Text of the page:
Irrational Bias in the Guardian

This recent Guardian article whines about today’s children not being able to use a pencil properly because all they do with their hands is press buttons and screens. But of course they had to make a large point of holding your pencil properly. Their is no proof there are any advantages to holding your pencil properly.

They show 4 ways to hold your pencil in a diagram and only the “dynamic tripod” grip is considered correct. To make it abundantly clear they mark the other three methods with an x and the dynamic tripod method with a check.

I personally use the five fingered grasp when I draw or write. I can write as neatly as people with the dynamic tripod grip. I can write as quickly as them. I can write for just as long without my hand cramping up. What, may I ask, is the advantage? You know besides the fact that most people use it.

They try to tie it to “fine motor skills” while never saying how the dynamic tripod grip is better for this. This is pure bull$#!+. The dynamic tripod grip only uses two fingers and a thumb whereas my grip uses 4 fingers and a thumb. Obviously my way is superior because it exercises more fingers.

I can even prove that my handwriting is just as neat. Every teacher from grade 1 to grade 8 that I had took it upon themselves to force me to write the proper way. After noticing they would then show me the dynamic tripod method. And every time for the next two days they would make sure I only wrote in this way. So I know how to write with the dynamic tripod method. It’s just that I automatically pick up the pencil or pen in the five finger grasp. So how can I prove that my handwriting is just as neat? Why it’s the same in the five fingered grasp as it is with the dynamic tripod grip. Handwriting might very well be a product of the wrist.

And who picked out these names? Dynamic tripod? It sounds like you are getting ready for more action. And they made sure the other three ended in “grasp” while not using this end term for the dynamic tripod. They’re not a way to grip the pencil, just a grasp.

Did I mention that I can draw well? I’ve been paid for coming up with political cartoons that I draw. I can do this because I’m a talented enough artist to get a likeness of most people. Here is my Escher inspired drawing of hands drawing hands with my five fingered grip.

So maybe art doesn’t need the precision that musicians and others need.

I can play guitar fairly well and know a smattering of bass and keyboards that I also can play. I’m a very good crokinole player (which involves flicking buttons with precision across a board with obstacles).

I have never felt even slightly cheated because of the way I hold my pencil. Others have tried to make me feel this way. They are ignorant. To me today’s pencil holding is yesterday’s left handedness. Get a grip, the Guardian, and no I don’t care which one you use.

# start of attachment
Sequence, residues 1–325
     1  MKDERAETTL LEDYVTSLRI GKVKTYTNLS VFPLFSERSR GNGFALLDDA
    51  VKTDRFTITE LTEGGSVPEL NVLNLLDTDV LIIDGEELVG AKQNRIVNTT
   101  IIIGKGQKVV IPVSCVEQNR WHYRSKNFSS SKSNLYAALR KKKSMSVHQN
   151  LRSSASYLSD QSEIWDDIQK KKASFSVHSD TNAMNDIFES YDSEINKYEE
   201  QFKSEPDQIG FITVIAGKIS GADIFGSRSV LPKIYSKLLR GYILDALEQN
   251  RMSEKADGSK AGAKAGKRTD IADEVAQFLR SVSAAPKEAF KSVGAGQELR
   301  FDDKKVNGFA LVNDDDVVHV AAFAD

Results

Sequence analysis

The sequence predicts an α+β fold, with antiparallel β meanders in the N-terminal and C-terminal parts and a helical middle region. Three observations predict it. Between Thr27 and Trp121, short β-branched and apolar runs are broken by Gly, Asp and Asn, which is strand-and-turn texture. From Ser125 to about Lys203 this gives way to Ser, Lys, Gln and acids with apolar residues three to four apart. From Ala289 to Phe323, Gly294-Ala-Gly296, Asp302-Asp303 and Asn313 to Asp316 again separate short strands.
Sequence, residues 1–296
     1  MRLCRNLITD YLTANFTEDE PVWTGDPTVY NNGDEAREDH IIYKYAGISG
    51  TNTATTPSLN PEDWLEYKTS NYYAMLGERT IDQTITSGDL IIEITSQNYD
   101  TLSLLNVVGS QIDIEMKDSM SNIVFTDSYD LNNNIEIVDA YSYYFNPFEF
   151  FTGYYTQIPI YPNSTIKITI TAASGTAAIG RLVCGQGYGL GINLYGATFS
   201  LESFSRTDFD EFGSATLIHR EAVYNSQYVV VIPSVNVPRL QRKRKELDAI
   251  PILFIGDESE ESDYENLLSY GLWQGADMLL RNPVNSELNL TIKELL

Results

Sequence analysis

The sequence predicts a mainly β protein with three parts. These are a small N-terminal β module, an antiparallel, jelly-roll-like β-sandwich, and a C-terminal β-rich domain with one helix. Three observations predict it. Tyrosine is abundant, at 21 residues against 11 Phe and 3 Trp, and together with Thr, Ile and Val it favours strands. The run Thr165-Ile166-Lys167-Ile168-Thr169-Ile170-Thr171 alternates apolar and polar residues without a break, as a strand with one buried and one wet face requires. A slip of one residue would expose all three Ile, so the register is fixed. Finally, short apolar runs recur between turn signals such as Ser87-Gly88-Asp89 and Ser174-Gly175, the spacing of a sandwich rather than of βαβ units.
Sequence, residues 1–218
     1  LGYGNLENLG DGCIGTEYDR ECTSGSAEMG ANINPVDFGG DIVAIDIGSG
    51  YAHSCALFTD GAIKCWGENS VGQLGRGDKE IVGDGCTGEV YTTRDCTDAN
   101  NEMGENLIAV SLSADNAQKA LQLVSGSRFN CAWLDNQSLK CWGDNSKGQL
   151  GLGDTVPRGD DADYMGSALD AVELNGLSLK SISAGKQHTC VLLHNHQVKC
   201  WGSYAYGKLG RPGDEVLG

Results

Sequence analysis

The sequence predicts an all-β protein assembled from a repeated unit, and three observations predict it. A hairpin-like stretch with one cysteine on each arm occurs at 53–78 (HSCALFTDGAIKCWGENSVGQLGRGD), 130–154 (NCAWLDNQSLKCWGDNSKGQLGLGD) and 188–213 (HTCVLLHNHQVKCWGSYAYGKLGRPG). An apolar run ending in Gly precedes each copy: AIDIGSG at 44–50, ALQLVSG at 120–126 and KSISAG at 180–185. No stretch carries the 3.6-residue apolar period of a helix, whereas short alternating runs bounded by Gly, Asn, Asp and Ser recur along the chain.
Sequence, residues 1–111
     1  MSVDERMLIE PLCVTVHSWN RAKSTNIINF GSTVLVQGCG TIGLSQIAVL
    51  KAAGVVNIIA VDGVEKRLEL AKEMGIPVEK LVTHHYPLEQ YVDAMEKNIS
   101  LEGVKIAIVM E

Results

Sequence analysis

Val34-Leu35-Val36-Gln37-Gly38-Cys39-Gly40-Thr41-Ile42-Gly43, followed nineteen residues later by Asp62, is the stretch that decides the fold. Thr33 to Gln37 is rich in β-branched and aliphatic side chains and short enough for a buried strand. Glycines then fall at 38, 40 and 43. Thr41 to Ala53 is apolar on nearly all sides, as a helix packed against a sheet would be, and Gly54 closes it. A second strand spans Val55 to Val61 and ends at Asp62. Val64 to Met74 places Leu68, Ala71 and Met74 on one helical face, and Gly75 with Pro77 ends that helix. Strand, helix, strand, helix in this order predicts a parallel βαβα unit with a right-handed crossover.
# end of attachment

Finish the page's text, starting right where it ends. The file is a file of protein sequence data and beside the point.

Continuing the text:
More on the Proper Way to Hold a Pencil

I take pride in the idea that my blog site contains as much truth as other sites that don’t call their writings “rants”. So when I was called out about my rant about the Guardian being wrong I at first ignored it but eventually decided to write this piece which corrects my mistakes and makes a clearer case against the Guardian.

I did overstate my side of the argument with the Guardian when I said, “Their is no proof there are any advantages to holding your pencil properly.” My sister pointed out to me that she holds her pencil improperly in a different way than I do and she gets hand cramps earlier than other people do from writing for too long. So with some pencil grips there is not as much stamina for the user. This is not true for my grip.

I have been trying to find the science behind pencil grips on the internet. I have found one occupational therapy post with a broken link that is supposed to tell us that different grips do not lead to less legible writing. So neatness will not become better if you force a student to write the proper way.

Then I tried looking up speed effects and came up with I think the same study that was discussed at 4 different sites. It involves testing grade 4 students with different pencil grips including the dynamic tripod. The study shows that none of the pencil grips was faster or neater than the others.

The only studies I found out about said that pencil grip doesn’t affect neatness or speed. In some cases it might affect stamina.

But why am I so sure that the Guardian was wrong to begin with?

It’s because I had the one anecdote of myself where my odd pencil grip was just as effective as the dynamic tripod. You may have heard that single anecdotes don’t help prove a theory. But for disproof a single anecdote is good enough. A single datum or replicable point on a graph is also good enough to take down a theory. It’s a lot harder to build up a theory than to take one down.

Of course the new theory may simply be the old theory with one new exception. That’s where the Guardian got it wrong. They might have said the dynamic tripod method of holding a pencil is sometimes better than other methods. But they didn’t. They just mark the dynamic tripod as being right which one assumes is in all cases. So the Guardian is blatantly wrong on this subject, because of the way they reported it.

About Larry Russwurm

Just another ranter on the Internet. Now in the Fediverse as
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